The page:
I’ve just completed a two-day retreat with a fast-growing leadership team. They scored themselves at the lowest levels we’ve seen on our Team Dynamics Survey. Rarely do we see a leadership team as dysfunctional as this one. Their unique products and growing revenues were papering over many huge cracks and barely holding them together. The CEO and second generation owner of this family business was completely frustrated, very unhappy, and hated coming into work every day.

18th century American explorer, Daniel Boone, once said, “I can’t say I was ever lost, but I was bewildered once for three days.” This team was quite bewildered. They’d slipped and face-planted into all five of the following failure factors I’ve noted over decades of research, writing, and consulting work.

The Top Five Failure Factors


1.  Priority Overload

Less effective managers (often micromanagers) confuse motion with direction and “busywork” activity and meaningful results. They’re like the pilot who announced, “I have some good news and some bad news. The bad news is we’re lost. The good news is we’re making great time.”

A big part of the problem is measuring effectiveness by volume (quantity) rather than whether real value is added (quality). Many organizational change and improvement efforts have as much impact on performance as everyone in a passenger jet flapping their arms to help the plane fly.

A management group of a struggling administrative section in a large bureaucratic organization, were discussing how well they’ve done in moving paperwork through their organization. “Let’s not forget how many dockets we’ve moved through our sector in the last year,” they reminded each other.

Okay…but how much of it really mattered? I later discovered they had a list of 37 urgent goals and objectives. Little meaningful progress was being made because everything needed to be done — now.

People who get little done often work a great deal harder. They seem to live by the French Cavalry’s motto, “When in doubt, gallop.” How hard we work is less important than what we accomplish.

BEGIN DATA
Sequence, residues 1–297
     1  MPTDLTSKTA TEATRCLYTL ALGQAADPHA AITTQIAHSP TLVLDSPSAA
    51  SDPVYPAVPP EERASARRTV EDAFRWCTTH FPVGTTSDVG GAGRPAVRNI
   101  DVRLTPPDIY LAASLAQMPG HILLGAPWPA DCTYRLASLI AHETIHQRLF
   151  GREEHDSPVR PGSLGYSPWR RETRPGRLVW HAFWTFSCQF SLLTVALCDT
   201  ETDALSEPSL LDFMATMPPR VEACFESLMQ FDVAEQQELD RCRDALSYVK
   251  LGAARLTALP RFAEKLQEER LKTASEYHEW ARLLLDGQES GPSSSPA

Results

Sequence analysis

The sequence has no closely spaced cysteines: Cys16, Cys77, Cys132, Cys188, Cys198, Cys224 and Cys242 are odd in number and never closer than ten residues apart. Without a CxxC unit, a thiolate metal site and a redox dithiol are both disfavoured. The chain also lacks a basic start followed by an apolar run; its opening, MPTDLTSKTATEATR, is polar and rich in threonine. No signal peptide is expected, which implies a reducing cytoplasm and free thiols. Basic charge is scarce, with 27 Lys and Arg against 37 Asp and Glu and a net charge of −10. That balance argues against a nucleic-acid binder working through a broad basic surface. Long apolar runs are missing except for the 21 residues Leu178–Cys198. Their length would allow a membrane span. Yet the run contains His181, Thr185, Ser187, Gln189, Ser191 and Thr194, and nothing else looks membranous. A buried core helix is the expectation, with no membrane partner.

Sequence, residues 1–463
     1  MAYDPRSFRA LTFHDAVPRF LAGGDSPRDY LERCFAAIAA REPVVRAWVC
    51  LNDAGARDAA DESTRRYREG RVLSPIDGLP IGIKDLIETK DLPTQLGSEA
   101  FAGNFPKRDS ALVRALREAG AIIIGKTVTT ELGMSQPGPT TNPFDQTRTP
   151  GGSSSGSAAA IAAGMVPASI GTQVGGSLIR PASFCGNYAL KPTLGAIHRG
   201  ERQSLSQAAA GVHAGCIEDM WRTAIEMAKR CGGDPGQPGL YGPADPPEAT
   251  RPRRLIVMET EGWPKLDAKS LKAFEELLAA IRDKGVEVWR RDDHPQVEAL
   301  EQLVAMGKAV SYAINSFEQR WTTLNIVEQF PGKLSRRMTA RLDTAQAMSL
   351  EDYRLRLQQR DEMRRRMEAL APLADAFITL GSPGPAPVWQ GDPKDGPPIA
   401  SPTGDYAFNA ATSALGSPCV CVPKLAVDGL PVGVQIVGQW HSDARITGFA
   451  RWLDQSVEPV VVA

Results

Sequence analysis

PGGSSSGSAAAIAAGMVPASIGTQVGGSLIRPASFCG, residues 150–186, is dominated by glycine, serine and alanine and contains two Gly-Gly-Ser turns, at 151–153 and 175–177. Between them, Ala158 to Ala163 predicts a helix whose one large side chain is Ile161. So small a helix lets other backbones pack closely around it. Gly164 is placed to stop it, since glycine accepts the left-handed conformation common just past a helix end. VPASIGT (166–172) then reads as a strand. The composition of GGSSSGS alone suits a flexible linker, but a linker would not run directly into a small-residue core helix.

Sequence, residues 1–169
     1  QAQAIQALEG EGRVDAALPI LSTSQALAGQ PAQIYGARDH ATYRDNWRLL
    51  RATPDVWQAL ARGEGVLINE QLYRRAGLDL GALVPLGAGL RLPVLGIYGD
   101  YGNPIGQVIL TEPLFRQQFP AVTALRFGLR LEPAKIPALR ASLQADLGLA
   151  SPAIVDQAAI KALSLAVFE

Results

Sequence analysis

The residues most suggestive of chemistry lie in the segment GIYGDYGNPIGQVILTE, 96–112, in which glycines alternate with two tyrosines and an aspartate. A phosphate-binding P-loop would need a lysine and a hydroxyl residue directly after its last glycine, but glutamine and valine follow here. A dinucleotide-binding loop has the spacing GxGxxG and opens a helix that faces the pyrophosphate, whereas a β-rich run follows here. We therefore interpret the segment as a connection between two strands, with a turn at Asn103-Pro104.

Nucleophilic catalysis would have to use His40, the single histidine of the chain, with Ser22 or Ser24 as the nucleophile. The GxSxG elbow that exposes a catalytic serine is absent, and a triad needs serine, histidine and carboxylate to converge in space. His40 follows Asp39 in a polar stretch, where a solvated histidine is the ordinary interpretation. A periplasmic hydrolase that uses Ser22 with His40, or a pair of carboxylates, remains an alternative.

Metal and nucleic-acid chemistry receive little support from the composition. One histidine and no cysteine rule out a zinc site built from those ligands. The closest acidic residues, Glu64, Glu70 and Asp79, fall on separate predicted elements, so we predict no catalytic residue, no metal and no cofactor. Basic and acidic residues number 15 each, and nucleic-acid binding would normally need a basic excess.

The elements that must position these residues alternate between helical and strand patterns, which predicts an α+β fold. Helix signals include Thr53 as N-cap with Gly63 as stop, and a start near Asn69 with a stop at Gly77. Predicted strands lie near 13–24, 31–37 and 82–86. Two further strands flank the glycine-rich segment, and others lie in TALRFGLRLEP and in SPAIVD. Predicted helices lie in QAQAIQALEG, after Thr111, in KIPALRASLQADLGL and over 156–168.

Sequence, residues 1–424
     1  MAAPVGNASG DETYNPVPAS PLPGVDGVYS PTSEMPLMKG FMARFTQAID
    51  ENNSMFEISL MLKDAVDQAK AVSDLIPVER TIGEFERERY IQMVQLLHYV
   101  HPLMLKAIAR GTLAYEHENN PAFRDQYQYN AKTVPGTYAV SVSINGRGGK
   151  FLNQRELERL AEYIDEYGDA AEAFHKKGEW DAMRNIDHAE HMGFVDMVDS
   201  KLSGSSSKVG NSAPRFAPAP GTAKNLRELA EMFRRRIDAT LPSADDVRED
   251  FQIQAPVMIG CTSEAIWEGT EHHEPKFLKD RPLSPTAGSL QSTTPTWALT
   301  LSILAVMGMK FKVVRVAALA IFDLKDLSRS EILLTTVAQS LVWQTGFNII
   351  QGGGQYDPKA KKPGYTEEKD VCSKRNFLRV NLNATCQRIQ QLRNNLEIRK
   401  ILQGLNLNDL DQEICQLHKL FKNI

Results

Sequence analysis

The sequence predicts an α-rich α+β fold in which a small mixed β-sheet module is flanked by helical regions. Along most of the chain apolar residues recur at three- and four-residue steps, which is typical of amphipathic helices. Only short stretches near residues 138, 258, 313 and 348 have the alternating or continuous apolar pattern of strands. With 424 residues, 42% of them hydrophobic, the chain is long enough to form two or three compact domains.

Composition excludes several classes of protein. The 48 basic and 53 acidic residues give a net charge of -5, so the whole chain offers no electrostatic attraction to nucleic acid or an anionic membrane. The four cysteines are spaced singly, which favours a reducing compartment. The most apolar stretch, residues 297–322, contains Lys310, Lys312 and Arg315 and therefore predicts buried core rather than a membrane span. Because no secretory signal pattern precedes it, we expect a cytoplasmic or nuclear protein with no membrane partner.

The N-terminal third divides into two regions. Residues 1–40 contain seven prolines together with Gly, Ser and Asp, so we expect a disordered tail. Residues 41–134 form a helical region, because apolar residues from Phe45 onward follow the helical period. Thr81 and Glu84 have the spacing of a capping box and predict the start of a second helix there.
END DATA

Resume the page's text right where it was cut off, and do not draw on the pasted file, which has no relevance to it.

2.  Partial and Piecemeal Programs

The senior management team of a large national retailer, enjoying a dominant position in its markets, realized they had to make several radical changes to reduce costs while boosting service levels. They hired consultants and launched a series of restructuring and improvement projects in warehouse and shipping logistics, branding, renovating stores, revamping product lines, customer service training, IT systems, and the like.

Besides having a fuzzy focus, the efforts were uncoordinated. Each group fiercely protected its own initiative or project. Most of the projects floundered amid political infighting, turfdom, and miscommunication. Higher performing, newer competitors are now mauling the company as it heads toward bankruptcy.

Many change and improvement efforts are too narrow. Broad, system-wide, cause-and-effect issues aren’t identified and addressed. Project teams work with bits and pieces of processes and systems.

3.  No Improvement/Change Infrastructure or Process

Developing a rigorous improvement process with a highly disciplined follow-through is a slipping hazard for many less successful organization and personal improvement efforts. As with New Year’s resolutions, a burst of energy and good intentions may get things started. But little time is often invested in developing ongoing improvement plans, habits, or approaches.